Avengers: Endgame features a veritable cornucopia of characters from 22 films over the last 11 years. In theaters on April 26, Avengers: Endgame is a true gift to the fans.
It took me a number of years to finally watch Iron Man. Long before I was a film critic, I used to watch trailers. I’d watched Paramount’s efforts to market the film and I was in one of my “I don’t want to see this movie” moods. Yet, there was something compelling about the marketing; there was something unique about that particular story and in that particular time.
Flash forward 11 years, 22 movies, three studios later and we have Avengers: Endgame, a film that is equally as compelling as Iron Man was.
Anthony and Joe Russo’s Endgame starts nearly where last April’s Infinity War left off. Half our heroes are gone, wiped out by Thanos’ (Josh Brolin) use of the Gauntlet. What’s left of the Avengers, including Captain America (Chris Evans), Black Widow (Scarlett Johansson), War Machine (Don Chedle) and Hulk (Mark Ruffalo) have assembled at their headquarters, trying to figure out the next move.
Carol Danvers (Brie Larson) continues in her Captain Marvel personae, as gifted by the end sequence in last month’s Captain Marvel and helps the Avengers throughout the galaxy.
There is something simplistic about the way Christopher Markus and Stephen McFeely, who co-wrote Captain America: The First Avenger start out Endgame. This is clearly Steve Rogers’ story as he reasserts his All-American image. There are plenty of jokes to go around to that effect too.
Remnants of the Avengers and other factions of Disney’s MCU are spread throughout the galaxy and are equally as decimated. Iron Man (Robert Downey, Jr), Rocket Raccoon (voiced by Bradley Cooper) and Nebula (Karen Gillan) are aboard the Benatar. The ship is nearly out of power when they are intercepted and returned to Earth.
The early parts of the story make effective use of each of the characters, giving them a moment to shine in the spotlight, a nice touch for fans who have stuck with the films over the past 11 years.
As the film’s canvas stretches, so too does the inclusion of characters and events. The most notable character to join the Avengers is Scott Lang/Ant-Man (Paul Rudd). His involvement in the story should offer some sort of indication about the flow of the story, none of which should shock those who are familiar with Infinity War or Ant-Man and the Wasp. Markus, McFeely and the Russos really use Ant-Man and the Wasp as a bridge for this film, and they do it in such a clever way that this Marvel-dubious critic is impressed.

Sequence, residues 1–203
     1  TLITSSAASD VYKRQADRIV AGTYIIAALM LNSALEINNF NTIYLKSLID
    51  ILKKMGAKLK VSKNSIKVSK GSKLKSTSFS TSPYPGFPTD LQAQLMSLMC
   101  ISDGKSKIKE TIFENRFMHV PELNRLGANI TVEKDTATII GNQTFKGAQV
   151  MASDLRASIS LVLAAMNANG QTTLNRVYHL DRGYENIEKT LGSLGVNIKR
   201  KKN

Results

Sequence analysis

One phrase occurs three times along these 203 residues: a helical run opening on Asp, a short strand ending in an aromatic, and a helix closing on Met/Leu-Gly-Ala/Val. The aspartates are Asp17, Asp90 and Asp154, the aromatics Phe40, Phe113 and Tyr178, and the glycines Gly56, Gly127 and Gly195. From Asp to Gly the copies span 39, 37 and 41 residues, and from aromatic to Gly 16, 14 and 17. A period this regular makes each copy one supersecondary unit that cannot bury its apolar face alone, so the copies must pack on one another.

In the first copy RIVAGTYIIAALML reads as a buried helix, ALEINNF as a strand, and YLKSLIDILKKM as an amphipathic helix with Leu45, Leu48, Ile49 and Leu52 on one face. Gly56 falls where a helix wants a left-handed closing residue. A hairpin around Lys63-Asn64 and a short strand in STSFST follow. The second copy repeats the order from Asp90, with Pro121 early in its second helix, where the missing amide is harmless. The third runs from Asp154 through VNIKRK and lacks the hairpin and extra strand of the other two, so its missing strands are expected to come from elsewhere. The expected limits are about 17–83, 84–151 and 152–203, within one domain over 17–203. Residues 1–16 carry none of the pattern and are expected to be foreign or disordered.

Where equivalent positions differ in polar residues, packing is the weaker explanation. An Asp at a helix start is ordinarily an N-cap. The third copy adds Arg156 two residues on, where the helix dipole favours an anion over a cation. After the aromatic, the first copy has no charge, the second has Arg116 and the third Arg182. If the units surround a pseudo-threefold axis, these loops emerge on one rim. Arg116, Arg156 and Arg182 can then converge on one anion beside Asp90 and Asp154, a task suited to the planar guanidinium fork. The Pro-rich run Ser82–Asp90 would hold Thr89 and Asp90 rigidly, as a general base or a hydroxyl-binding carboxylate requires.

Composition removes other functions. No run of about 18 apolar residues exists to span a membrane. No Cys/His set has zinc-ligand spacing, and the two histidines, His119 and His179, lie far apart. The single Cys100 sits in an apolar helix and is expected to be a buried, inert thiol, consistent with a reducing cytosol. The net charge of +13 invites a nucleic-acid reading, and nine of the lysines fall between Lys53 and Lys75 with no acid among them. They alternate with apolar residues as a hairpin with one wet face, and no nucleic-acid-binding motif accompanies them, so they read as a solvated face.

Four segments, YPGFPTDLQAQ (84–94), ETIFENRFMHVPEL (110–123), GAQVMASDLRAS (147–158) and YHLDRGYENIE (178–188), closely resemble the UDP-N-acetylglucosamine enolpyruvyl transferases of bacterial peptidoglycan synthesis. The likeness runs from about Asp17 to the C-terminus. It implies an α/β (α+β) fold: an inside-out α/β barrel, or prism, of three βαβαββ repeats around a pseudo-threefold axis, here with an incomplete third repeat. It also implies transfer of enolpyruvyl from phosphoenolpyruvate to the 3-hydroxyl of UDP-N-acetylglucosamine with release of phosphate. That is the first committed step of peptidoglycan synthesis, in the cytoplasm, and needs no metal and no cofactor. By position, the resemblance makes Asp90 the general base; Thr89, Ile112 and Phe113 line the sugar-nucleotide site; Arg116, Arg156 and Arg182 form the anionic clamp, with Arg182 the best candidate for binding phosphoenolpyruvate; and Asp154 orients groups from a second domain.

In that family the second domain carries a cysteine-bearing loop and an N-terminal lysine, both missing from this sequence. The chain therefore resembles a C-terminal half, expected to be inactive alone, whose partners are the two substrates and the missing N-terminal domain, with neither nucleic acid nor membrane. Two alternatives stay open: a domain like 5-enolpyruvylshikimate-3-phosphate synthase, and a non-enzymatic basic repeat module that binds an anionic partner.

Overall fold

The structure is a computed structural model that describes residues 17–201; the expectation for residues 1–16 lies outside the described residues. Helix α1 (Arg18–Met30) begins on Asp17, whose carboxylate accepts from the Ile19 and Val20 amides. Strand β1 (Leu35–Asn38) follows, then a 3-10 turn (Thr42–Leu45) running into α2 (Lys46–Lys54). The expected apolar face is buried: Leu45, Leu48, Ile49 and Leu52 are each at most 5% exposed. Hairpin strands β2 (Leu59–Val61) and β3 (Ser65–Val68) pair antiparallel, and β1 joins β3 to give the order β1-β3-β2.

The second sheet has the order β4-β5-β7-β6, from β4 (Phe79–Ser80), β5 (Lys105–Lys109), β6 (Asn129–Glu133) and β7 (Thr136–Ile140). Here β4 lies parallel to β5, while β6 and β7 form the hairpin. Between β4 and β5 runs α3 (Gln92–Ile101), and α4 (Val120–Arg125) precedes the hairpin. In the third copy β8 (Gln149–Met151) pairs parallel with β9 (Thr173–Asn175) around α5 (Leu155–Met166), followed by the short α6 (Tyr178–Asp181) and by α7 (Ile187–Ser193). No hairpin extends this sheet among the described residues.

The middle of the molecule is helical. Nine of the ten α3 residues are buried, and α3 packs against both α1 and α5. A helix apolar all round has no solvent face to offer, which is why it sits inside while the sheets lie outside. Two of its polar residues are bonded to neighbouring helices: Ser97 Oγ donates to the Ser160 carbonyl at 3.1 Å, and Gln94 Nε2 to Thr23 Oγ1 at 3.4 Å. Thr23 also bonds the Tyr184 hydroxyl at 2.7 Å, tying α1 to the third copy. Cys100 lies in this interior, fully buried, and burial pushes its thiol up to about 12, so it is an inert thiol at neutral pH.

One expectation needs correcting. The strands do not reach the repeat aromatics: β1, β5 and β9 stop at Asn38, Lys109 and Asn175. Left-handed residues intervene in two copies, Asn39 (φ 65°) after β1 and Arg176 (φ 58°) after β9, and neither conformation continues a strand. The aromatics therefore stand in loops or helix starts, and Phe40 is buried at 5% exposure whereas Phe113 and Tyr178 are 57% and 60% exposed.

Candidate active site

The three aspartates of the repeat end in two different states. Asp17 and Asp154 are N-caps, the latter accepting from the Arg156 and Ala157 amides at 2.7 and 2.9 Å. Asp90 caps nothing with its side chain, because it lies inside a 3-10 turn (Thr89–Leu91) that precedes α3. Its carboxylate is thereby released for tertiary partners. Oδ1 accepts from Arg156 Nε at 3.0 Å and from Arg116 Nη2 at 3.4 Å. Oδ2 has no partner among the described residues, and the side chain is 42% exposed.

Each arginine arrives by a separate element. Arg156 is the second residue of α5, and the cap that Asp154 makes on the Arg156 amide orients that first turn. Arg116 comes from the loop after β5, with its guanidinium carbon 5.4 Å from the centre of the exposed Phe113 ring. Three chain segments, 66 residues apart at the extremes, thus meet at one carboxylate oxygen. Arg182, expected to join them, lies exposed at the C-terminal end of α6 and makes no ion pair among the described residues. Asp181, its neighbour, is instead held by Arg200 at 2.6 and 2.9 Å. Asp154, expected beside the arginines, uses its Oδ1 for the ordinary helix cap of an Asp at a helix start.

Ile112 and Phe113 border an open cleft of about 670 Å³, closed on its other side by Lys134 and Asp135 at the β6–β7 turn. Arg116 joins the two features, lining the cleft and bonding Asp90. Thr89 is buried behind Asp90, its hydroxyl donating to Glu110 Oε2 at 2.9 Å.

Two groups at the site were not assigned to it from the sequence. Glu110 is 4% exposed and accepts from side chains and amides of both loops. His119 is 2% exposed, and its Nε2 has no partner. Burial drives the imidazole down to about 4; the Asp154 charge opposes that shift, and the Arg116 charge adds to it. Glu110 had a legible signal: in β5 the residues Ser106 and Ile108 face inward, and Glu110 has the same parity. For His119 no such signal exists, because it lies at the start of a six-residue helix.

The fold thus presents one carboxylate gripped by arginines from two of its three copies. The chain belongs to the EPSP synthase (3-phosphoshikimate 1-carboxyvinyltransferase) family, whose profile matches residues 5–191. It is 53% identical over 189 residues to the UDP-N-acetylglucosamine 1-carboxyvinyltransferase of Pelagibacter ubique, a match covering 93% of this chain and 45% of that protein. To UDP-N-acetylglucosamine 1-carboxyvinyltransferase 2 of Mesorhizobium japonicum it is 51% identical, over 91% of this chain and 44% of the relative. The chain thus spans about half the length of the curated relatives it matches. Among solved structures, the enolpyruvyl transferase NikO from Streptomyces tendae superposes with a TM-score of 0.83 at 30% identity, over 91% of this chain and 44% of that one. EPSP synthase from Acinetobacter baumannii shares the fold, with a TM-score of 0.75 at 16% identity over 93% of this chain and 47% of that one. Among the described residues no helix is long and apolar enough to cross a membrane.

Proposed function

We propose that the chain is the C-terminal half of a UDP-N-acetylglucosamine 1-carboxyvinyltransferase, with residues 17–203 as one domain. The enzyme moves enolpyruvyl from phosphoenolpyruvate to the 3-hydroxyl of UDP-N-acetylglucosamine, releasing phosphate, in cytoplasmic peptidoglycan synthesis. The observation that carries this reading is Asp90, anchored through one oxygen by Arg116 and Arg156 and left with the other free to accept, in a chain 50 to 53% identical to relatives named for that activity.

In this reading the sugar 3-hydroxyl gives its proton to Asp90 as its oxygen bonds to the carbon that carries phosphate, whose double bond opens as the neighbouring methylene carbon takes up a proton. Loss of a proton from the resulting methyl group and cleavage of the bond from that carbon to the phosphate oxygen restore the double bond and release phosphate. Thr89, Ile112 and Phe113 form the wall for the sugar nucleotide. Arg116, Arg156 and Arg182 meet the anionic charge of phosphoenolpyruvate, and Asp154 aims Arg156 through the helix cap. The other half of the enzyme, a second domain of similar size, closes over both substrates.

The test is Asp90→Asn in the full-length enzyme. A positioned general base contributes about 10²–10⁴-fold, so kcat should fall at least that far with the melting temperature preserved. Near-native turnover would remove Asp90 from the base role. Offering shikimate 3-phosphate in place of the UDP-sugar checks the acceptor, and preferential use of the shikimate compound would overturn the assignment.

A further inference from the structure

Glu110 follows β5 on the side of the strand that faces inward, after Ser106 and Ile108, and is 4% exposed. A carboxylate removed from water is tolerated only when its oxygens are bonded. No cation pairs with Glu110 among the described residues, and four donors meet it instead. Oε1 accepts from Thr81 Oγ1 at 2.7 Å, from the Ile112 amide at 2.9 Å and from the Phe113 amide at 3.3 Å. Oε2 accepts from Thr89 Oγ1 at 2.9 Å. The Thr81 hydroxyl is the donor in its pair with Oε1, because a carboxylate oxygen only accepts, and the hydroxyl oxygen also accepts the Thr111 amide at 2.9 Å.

I can’t necessarily say the same for the latter half of the Avengers: Endgame. The story, which starts out so strongly, stretches its boundaries just a bit too much slowing down the pacing of the film just a bit. If anything, the three-hour run time was a solid enough vessel to fill this story, its characters and their adventures. The pacing is perfectly fine: you won’t feel like you’ve just watched a three-hour film. In fact, that’s a testament to just how tightly bonded the threads and characters were.
In the end, it’s the characters and the sense of family that Kevin Feige and his crew have created within the MCU that will keep the fans happy. It isn’t fan service. There are some genuine, heartfelt moments in Avengers: Endgame.
I could quibble about some of the issues that I have with the story, most notably the lack of Captain Marvel’s presence in the film. This might have been by intention, owing to the fact that her origin film just came out last month. She did get a really solid character moment which makes up for what I consider to be an oversight.
One could say that Marvel bunched up Black Panther and Avengers: Infinity War. They would be right, but those two films really lend themselves to one another; Captain Marvel and Avengers: Endgame don’t necessarily have the same, tight connection. But, that won’t put fans off. They know better about such things.
There are probably a handful of television or cinematic moments that I can recall where such respect and reverence was paid to the years of content behind it, while remaining forward-looking: the finale of Star Trek: Deep Space Nine, the finale of M*A*S*H and the finale of The Mary Tyler Moore Show. Like those episodes, Avengers: Endgame is not a finale, there is no goodbye. Avengers: Endgame celebrates what is behind it while looking forward to the next phase.
Avengers: Endgame is a true gift to dedicated fans and might just draw in a few new ones.
In theaters April 26, Avengers: Endgame is rated PG-13.